- The Washington Times - Thursday, August 2, 2001

A top campaign official for Virginia Democratic gubernatorial candidate Mark R. Warner was reprimanded yesterday for posing as a constituent caller and making confrontational remarks about Mr. Warner's Republican opponent during a radio call-in show.
Communications Director Amanda Crumley will keep her job but has written a letter of apology to Gov. James S. Gilmore III and WTOP radio for a prank call she made Tuesday to the monthly "Ask the Governor" show, in which she criticized Mark L. Earley's campaign.
Miss Crumley, who identified herself as "Jennifer from Alexandria," asked Mr. Gilmore whether he had "expressed concern to Mr. Earley that he really kind of get his act together," according to a transcript of the show.
"I mean there's only three months to go, and it's a little disconcerting that things are still going so rough this late in the campaign," Miss Crumley said, according to the transcript.
"No, I think things are going awfully well, actually, Jennifer," Mr. Gilmore replied. "I appreciate your giving me a call."
In a statement released yesterday afternoon, Mr. Warner's campaign manager Steve Jarding admitted that Ms. Crumley misidentified herself as a constituent to ask Mr. Gilmore a question.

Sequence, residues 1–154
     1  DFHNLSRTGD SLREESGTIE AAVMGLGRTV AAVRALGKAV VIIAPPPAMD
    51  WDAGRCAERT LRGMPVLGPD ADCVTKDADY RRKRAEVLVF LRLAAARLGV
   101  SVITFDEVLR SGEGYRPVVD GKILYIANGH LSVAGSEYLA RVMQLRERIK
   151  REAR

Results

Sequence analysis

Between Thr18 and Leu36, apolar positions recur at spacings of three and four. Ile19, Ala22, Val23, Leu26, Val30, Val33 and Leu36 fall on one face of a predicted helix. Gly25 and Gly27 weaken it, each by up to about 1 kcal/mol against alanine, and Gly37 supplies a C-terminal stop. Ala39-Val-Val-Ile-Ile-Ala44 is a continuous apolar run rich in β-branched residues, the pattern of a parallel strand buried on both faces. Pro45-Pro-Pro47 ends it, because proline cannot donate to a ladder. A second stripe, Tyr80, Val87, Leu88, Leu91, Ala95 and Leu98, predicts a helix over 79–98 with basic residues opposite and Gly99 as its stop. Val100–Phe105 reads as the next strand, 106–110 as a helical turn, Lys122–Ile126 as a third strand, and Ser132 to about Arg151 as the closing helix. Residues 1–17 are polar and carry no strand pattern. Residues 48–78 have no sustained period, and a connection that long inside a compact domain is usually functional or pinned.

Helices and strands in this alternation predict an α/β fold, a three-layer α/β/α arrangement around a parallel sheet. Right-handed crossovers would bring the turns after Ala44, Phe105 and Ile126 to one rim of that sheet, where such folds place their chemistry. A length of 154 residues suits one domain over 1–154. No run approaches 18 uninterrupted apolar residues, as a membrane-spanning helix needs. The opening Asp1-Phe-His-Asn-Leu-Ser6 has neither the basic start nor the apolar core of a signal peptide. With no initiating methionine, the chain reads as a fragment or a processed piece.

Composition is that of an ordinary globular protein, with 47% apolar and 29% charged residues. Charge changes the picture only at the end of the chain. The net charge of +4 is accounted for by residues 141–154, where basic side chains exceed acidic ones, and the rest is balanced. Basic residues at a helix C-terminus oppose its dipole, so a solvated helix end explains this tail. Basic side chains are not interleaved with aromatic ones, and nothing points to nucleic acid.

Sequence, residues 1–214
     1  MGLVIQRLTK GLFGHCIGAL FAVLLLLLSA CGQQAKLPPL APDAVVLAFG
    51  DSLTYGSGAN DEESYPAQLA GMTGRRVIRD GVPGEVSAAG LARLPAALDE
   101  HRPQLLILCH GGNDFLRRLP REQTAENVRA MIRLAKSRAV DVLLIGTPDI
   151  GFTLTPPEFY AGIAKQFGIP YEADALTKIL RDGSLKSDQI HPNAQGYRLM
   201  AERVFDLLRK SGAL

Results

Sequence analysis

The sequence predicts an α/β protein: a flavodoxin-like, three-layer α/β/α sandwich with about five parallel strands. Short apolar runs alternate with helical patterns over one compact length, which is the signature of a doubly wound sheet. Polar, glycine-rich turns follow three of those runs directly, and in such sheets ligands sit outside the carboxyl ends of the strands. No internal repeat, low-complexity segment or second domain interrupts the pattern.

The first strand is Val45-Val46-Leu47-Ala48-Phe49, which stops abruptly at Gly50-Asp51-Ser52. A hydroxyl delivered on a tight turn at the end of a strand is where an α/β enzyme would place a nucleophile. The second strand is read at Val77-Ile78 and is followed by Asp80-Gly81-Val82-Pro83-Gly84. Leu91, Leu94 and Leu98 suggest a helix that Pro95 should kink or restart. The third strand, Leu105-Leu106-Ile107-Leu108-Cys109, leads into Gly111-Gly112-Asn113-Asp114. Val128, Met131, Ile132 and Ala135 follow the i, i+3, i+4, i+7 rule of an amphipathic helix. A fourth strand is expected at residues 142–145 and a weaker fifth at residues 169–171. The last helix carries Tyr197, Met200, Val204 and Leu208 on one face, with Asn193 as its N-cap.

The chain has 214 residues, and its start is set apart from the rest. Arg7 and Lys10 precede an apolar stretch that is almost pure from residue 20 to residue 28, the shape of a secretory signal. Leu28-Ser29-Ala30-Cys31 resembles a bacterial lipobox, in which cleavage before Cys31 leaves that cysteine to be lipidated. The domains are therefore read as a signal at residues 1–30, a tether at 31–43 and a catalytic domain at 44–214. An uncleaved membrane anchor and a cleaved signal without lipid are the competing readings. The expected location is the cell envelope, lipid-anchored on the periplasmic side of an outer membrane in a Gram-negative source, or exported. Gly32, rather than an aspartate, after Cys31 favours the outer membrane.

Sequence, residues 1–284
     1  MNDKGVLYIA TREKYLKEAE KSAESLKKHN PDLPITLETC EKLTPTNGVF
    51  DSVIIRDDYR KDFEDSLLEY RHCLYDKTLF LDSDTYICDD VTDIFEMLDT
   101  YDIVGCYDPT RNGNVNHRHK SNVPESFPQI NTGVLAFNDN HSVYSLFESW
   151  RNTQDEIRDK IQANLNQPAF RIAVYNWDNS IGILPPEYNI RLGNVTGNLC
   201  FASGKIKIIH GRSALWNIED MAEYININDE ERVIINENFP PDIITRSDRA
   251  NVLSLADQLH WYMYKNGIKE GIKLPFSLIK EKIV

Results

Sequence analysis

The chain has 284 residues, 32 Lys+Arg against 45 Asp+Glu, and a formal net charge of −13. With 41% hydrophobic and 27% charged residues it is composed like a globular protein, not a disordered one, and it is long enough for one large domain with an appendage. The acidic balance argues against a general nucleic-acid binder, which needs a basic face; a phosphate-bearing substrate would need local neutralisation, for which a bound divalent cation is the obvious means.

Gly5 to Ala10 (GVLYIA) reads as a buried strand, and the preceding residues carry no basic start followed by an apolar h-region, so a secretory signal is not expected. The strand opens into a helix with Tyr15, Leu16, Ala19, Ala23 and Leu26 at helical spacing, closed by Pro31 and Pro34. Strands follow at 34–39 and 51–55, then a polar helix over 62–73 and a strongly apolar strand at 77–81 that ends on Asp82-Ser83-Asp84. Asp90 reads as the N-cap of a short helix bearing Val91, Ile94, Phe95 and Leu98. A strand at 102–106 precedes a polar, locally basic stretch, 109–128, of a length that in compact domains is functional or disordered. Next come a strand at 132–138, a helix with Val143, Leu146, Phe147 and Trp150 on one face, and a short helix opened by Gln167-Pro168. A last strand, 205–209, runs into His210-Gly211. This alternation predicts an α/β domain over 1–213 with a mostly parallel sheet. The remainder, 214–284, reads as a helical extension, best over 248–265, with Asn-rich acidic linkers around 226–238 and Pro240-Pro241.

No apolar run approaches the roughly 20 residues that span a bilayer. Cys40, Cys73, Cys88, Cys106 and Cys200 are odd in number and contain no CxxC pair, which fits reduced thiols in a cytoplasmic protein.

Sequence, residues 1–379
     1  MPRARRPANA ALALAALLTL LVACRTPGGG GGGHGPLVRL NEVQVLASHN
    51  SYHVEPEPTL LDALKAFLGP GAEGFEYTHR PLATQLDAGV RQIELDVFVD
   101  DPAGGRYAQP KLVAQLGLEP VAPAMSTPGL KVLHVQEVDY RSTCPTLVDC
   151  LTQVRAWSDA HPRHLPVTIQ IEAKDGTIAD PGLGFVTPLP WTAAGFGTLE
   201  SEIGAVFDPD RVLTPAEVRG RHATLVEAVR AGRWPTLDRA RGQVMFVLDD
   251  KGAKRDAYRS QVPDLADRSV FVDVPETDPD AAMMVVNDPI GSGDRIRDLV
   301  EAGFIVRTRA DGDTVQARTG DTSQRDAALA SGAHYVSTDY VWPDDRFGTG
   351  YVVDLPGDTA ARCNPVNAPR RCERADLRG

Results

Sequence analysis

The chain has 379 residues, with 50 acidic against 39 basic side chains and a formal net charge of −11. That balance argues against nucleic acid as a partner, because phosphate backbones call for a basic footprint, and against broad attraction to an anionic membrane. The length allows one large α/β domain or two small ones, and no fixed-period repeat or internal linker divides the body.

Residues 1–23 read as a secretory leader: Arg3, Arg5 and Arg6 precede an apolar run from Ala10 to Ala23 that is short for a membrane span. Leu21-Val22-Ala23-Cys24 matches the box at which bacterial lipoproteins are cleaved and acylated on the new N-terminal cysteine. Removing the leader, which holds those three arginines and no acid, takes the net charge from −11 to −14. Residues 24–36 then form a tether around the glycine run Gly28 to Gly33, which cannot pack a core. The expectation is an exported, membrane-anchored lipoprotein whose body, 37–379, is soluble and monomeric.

"She made a mistake," the statement read. "This action is not tolerated by the campaign. Ms. Crumley has been reprimanded by the campaign and has written a letter of apology to the governor and to WTOP radio."
Miss Crumley did not return a telephone call yesterday.
Warner spokesman Mo Elleithee would not discuss specifics of the reprimand.
The governor's senior adviser, Dick Leggitt, blasted Miss Crumley's actions yesterday and called the incident "seamy back-room politics" and "below-the-belt campaigning." Mr. Leggitt also demanded that Mr. Warner apologize for his staff member's behavior.
"It wasn't appropriate, it wasn't cute, it wasn't a prank," Mr. Leggitt said. "It was a dirty trick designed to try to obtain a response from Governor Gilmore that would damage the Mark Earley campaign, and it didn't work."
The incident came to light after a reporter recognized Miss Crumley's voice during her phone call.
Miss Crumley began by saying Mr. Earley's campaign had "stumbled out of the block" when he "had to return like $50,000 to a company that had close ties with the porn industry," the transcript reads. It was a reference to campaign contributions Mr. Earley received from the chief executive of a software company that marketed its ad-management products to pornography Web sites. Mr. Earley later returned the $47,000 in donations.
Mr. Leggitt said Miss Crumley's actions went against Mr. Warner's pledge to run a clean campaign, avoiding mudslinging and name-calling.
Mr. Earley's spokesman, David Botkins, shared Mr. Leggitt's sentiment.
"The tone and behavior of a campaign starts at the top with the candidate," Mr. Botkins said last night. "How does that jive with Mark Warner's clean-campaign pledge where he vowed to have a higher discourse?"

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